In the end, the committee decided to defer HB 344. That's different from killing it altogether. Deferring it allows the state to revisit the terms later. HB 344 could technically serve as the framework for a future bill that legalizes sports betting in Hawaii.

This is a noticeable difference from past attempts to green light gambling inside the state. Hawaii has turned away more than a half-dozen different sports betting initiatives over the past three years alone. Some have enjoyed a similar amount of support, but HB 344 seems to have been given more floor time and consideration than any other proposal. DraftKings' involvement alone says it all.

Why Did the 2023 Hawaii Sports Gambling Bill End Up Flopping?

Though HB 344 was always painted as a medium-sized long shot, its viability fell apart when Representative Holt pulled his support. It wasn't immediately clear why he changed his mind. It also wasn't initially clear what concerns caused the House Committee of Economic Development to defer the bill as a group.

Now, however, we have the answer: The financial upside apparently wasn't large enough. Sam McQuillan provided all the pertinent details for Legal Sports Report:

"Sports Betting Alliance Counsel Pat Gibbs said [HB 344] had the potential to raise $6.7 million annually for the state, where an estimated 276,000 people bet offshore every year. 'I think maybe, at some point, this may be a worthy cause for us but at this point, $7 million a year may not be worth putting our communities at risk,' Holt said. 'There may be other opportunities in the future, but at this point we’re going to be deferring this measure.'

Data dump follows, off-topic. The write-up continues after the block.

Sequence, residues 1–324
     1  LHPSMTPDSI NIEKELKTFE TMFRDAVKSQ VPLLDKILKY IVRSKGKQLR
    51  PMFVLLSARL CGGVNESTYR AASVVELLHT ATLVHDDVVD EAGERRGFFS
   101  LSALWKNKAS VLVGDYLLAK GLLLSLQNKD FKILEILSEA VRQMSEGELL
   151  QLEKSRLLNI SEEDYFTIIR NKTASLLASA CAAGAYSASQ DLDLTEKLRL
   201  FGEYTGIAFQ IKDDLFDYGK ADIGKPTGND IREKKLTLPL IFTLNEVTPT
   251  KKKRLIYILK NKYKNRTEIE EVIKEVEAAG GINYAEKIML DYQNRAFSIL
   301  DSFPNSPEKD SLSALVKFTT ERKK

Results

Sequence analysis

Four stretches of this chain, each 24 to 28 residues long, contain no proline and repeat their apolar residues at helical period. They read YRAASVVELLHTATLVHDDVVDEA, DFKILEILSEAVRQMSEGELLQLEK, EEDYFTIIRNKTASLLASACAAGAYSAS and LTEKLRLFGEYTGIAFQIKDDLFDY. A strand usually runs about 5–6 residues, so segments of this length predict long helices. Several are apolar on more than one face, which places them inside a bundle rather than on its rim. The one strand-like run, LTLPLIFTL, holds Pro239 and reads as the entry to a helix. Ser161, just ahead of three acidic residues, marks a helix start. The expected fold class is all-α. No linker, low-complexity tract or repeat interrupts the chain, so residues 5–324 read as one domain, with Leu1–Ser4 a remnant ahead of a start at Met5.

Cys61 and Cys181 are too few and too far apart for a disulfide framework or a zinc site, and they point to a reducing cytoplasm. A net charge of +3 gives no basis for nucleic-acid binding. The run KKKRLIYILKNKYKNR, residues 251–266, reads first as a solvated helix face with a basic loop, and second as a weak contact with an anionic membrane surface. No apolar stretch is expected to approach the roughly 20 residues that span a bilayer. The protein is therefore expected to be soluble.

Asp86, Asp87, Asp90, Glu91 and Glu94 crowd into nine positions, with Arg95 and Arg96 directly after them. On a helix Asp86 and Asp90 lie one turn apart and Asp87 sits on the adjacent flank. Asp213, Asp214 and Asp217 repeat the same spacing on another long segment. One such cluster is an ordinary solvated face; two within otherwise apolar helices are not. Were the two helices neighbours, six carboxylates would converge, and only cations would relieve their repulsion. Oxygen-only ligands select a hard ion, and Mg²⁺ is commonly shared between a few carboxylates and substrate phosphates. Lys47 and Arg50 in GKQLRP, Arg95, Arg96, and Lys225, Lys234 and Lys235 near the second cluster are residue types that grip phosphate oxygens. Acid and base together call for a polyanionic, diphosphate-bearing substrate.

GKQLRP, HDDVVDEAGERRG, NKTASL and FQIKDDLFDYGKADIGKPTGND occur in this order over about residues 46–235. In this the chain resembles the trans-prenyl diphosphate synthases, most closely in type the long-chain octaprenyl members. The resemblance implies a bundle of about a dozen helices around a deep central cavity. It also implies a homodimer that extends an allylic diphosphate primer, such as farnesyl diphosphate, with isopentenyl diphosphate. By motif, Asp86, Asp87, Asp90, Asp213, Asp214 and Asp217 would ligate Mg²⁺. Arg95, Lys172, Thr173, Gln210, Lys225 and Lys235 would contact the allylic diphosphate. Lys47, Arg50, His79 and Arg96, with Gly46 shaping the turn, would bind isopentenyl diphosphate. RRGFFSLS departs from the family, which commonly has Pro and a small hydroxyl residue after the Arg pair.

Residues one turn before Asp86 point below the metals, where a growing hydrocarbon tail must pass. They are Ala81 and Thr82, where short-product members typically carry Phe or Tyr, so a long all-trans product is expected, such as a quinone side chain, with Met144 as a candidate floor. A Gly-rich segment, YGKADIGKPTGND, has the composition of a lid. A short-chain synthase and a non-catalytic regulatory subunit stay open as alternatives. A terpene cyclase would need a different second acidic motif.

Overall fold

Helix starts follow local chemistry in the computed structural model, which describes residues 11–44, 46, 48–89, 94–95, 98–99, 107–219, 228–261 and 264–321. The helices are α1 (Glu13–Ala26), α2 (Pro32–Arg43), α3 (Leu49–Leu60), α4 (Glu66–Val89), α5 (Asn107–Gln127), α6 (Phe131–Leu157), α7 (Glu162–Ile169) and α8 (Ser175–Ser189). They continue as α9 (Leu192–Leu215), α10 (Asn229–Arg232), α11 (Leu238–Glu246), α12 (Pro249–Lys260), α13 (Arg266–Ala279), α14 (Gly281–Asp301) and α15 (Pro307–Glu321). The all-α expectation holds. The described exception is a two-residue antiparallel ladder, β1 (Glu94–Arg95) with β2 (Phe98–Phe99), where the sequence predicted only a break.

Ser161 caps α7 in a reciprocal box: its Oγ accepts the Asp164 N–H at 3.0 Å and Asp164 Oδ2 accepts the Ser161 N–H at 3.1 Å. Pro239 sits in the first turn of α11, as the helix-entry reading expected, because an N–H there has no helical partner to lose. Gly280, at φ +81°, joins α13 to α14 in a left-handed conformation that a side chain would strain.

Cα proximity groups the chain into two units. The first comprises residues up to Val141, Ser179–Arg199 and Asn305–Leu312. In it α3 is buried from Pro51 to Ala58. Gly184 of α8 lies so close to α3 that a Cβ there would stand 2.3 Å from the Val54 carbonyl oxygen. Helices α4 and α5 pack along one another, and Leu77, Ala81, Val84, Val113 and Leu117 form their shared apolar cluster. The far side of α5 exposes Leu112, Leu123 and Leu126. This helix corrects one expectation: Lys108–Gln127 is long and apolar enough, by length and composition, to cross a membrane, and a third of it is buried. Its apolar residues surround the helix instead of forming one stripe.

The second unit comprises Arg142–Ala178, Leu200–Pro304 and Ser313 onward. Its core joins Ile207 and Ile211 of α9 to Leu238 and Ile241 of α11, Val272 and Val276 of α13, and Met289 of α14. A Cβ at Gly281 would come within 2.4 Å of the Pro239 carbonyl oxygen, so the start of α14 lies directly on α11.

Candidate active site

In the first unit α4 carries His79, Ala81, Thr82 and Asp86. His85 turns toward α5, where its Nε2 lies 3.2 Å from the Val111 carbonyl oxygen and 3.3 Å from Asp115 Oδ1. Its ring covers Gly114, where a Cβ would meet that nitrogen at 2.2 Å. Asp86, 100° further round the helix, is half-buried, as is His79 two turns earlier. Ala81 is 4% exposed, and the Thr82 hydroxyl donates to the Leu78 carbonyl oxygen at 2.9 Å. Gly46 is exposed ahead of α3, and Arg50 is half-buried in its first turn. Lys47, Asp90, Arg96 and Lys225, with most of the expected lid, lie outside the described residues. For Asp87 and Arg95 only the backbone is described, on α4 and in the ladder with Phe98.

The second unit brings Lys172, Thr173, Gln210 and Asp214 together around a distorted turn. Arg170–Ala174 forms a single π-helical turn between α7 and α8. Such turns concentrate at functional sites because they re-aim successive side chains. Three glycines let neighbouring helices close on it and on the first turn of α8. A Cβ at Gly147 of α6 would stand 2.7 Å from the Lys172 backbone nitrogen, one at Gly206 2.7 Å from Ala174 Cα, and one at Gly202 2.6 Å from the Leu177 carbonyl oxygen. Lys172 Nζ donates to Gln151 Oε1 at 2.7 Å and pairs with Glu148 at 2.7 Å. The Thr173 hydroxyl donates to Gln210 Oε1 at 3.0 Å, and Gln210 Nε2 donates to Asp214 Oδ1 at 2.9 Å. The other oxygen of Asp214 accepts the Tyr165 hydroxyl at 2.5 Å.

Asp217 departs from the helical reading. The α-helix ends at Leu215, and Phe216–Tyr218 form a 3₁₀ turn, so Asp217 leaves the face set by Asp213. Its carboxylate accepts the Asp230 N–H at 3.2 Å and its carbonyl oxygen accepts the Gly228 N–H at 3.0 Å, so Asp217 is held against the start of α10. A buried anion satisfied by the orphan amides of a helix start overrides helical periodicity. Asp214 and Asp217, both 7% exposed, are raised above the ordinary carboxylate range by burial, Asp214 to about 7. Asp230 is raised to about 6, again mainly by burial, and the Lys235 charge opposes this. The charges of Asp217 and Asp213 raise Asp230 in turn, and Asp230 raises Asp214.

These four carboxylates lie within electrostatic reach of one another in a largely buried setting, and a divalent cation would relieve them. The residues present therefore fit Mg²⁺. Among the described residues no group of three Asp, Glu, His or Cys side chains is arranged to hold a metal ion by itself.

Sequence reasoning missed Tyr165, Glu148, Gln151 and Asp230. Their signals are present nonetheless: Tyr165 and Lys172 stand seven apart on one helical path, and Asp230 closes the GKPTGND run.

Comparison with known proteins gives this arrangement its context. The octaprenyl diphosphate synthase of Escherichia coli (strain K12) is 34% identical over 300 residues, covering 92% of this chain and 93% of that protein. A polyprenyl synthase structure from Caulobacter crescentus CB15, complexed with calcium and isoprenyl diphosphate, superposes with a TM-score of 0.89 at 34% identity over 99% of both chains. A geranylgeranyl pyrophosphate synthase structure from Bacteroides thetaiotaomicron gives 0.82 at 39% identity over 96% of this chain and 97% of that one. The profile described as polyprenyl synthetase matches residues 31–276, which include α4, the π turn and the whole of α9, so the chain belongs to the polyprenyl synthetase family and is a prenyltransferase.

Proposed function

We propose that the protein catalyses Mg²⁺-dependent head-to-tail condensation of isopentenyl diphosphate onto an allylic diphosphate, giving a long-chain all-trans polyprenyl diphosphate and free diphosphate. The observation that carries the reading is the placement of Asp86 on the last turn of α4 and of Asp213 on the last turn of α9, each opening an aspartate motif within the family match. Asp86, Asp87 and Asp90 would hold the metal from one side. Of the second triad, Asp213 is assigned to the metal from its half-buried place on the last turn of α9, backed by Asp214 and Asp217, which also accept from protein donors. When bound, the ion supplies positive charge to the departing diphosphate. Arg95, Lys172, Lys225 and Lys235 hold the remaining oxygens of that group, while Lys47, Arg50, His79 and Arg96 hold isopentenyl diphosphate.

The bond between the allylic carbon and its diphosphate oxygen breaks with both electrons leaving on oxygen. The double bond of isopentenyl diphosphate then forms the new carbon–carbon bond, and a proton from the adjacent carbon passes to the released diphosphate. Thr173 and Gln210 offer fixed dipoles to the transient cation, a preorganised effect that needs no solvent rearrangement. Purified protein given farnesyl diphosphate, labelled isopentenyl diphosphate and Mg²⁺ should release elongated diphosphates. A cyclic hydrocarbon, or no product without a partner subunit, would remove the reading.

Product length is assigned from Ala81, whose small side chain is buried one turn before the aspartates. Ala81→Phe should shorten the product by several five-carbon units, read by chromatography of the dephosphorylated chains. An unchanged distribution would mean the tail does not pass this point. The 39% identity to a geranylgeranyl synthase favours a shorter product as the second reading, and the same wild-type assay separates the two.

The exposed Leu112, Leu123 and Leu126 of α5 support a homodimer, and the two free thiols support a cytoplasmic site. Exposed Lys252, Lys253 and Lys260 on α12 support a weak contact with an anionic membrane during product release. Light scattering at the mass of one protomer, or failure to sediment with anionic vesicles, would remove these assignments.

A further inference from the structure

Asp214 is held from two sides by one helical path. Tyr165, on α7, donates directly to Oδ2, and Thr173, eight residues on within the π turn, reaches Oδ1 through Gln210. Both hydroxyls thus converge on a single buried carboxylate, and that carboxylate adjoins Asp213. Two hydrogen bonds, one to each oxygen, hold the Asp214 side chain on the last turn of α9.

"Aside from Vice Chair Rachele Lamosao, who asked for more data on the offshore market, Representative Elijah Pierick was the only other lawmaker to ask a question. 'Can you help us understand how sports wagering would not harm the poor?' Pierick asked. 'I believe gambling is basically preying on the poor for sources of income.' [DraftKings government affairs manager Rebecca] London responded by going over the features on DraftKings app where users can self-impose limits and reaffirmed the company’s commitment to responsible gaming.'"

This is not the first time Hawaii has harped on the predatory nature of corporate sportsbooks. It won't be the last, either.